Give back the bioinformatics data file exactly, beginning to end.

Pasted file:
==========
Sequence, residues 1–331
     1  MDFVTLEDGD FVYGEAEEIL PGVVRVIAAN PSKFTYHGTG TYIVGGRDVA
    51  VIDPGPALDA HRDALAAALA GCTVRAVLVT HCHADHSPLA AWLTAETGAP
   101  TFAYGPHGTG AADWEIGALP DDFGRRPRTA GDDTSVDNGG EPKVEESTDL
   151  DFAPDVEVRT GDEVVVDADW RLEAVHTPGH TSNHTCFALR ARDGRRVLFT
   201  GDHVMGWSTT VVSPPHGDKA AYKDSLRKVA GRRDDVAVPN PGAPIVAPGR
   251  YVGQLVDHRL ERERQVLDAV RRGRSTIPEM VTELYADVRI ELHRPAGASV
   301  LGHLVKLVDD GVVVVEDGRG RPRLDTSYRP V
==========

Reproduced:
Sequence, residues 1–331
     1  MDFVTLEDGD FVYGEAEEIL PGVVRVIAAN PSKFTYHGTG TYIVGGRDVA
    51  VIDPGPALDA HRDALAAALA GCTVRAVLVT HCHADHSPLA AWLTAETGAP
   101  TFAYGPHGTG AADWEIGALP DDFGRRPRTA GDDTSVDNGG EPKVEESTDL
   151  DFAPDVEVRT GDEVVVDADW RLEAVHTPGH TSNHTCFALR ARDGRRVLFT
   201  GDHVMGWSTT VVSPPHGDKA AYKDSLRKVA GRRDDVAVPN PGAPIVAPGR
   251  YVGQLVDHRL ERERQVLDAV RRGRSTIPEM VTELYADVRI ELHRPAGASV
   301  LGHLVKLVDD GVVVVEDGRG RPRLDTSYRP V